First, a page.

Sea WorldSea World San Diego  provides a Special Access Pass to guests with disabilities, which places the guest in a Virtual Queue with a prescheduled boarding time for each ride.  Sea World also provides sign language interpreters for shows and tours, as long as the guest contacts Guest Services two weeks before the visit.

8. Darien Lake

Darien LakeDarien Lake Theme Park Resort in Darien Center, New York (about halfway between Buffalo and Rochester) has priority access entrances for its most popular rides.

Guests with disabilities may bring up to 5 family members to the priority access entrance, where the ride attendant will assign a boarding time.  The guest then returns at the assigned time for immediate boarding.  Darien Lake also has allergen-free menus at its on-site restaurants, as well as an accessible hotel and accessible RV campground at the park.

9. Six Flags

Six FlagsThere are 18 Six Flags theme parks and water parks in North America, and all of them offer a Rider Access Pass or Equal Access Pass for guests with disabilities.  These passes allow a guest with up to 3 companions to schedule a reservation time for a ride without waiting in line.  Here is a list of the Six Flags parks and their locations:

Ride_Zachs10. Cedar Fair

Cedar Fair is the parent company of eleven amusement parks, three separately gated outdoor water parks, one indoor water park and five hotels across North America.  The largest and most famous of their properties is Cedar Point in Sandusky, Ohio, which has been named the “Best Amusement Park in the World” for 15 consecutive years by Amusement Today’s international survey.

In 2013, Cedar Fair uniformly modified its policies for guests with disabilities across all of its properties.  Guests with mobility impairments or Autism Spectrum Disorder may enroll in the Ride Boarding Pass Program, which provides pre-scheduled boarding times via the exit ramp for the most popular rides.

Assisted listening devices and sign language interpreters are available at all theaters and shows, but sign language interpreters must be requested a few weeks before the visit.  Additionally, the parks offer quiet, air-conditioned spaces  – usually the first aid station or family assistance building – for rest and re-grouping.  Here is a list of Cedar Fair theme parks with their locations:

Update: This post has been updated to reflect changes in policies at some amusement parks.

What is your favorite theme park?  What type of accommodations do you receive there?

Karen Wang

Written on October 10, 2013 by:

Karen Wang is a Friendship Circle parent. You may have seen her sneaking into the volunteer lounge for ice cream or being pushed into the cheese pit by laughing children. She is a contributing author to the anthology "My Baby Rides the Short Bus: The Unabashedly Human Experience of Raising Kids With Disabilities"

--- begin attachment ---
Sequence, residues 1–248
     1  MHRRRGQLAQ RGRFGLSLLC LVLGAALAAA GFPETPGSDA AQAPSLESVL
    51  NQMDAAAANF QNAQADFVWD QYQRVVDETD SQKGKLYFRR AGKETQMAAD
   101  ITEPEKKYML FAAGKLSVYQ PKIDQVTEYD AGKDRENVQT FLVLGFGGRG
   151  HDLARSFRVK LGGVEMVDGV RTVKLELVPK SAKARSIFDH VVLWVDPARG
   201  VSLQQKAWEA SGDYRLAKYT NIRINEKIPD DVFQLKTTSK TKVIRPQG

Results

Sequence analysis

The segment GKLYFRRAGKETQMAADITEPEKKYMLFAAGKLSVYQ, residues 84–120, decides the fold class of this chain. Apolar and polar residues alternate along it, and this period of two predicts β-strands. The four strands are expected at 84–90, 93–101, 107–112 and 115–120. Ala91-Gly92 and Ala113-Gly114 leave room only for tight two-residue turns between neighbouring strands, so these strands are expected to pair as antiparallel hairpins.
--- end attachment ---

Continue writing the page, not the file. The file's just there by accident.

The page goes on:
• Stacy

    Great ideas. Thanks for sharing!

  • Kristen

    A lot has been said about Disney’s new system but many people have not tried it yet and I think should wait to pass judgement. We were in Disneyland this summer and they were trialing the new system on the Cars Land rides. The system really did work nicely we received a time to come back and entered through the fast past line. It was a much shorter wait than the regular line. It sounds like Holiday Land has a very similar system and it was listed as number 2 on this list. We bought a season pass to Six Flags GA last year and have found them to be the least accommodating for those who need alternate entrances. There are many rides in the children’s area that they will not allow a child on unless they are able to walk unassisted– a disappointment for a family with a child in a wheelchair.

    • Jodi

      We were at Disneyland in June and did not have a good experience. The ride kept breaking down and twice we missed the scheduled time since we had to take a break. Out of 6 attempts, we were able to ride the cars ride one time!

  • Kristy

    The theme park located inside the Mall of America in Bloomington, MN also has an accessibility pass. Many kids fly in to Minneapolis/St. Paul for surgeries at Gillette Children’s Health Care and spend the day or so beforehand at the Park at MOA. The only thing the Mall is lacking is nice changing facilities for larger children who are in wheelchairs and are incontinent.

  • Martha

    Disney did not cancel their access program, nor did their old program allow anyone to ever bypass queues. Depending on disability issue, the old program allowed them, in many cases, to go directly to the FastPass line thereby shortening the wait. Their new Disability Access System was put into place yesterday. While it is different, there is still an access program which is actually more lenient and flexible than some of the programs you describe in your list of 10. Though the program is new and a bit untested, to say it is outright cancelled is false and is doing families with special needs a great disservice. There are many special needs families who may feel the new Disney disability access system will work for them and they will be able to go to Disney and enjoy a vacation with their children. It may work for some, may not work for others, but to say it was cancelled is just not true.

    • Jennie